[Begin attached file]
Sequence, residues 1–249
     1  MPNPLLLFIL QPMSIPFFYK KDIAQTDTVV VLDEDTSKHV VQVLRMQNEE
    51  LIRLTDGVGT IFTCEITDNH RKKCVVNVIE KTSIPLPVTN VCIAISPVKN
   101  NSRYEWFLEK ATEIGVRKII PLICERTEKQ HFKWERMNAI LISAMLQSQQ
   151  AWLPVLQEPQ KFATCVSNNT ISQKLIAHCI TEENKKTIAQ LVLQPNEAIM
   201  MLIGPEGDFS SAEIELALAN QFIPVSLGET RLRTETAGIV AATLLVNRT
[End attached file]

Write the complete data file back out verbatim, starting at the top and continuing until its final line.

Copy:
Sequence, residues 1–249
     1  MPNPLLLFIL QPMSIPFFYK KDIAQTDTVV VLDEDTSKHV VQVLRMQNEE
    51  LIRLTDGVGT IFTCEITDNH RKKCVVNVIE KTSIPLPVTN VCIAISPVKN
   101  NSRYEWFLEK ATEIGVRKII PLICERTEKQ HFKWERMNAI LISAMLQSQQ
   151  AWLPVLQEPQ KFATCVSNNT ISQKLIAHCI TEENKKTIAQ LVLQPNEAIM
   201  MLIGPEGDFS SAEIELALAN QFIPVSLGET RLRTETAGIV AATLLVNRT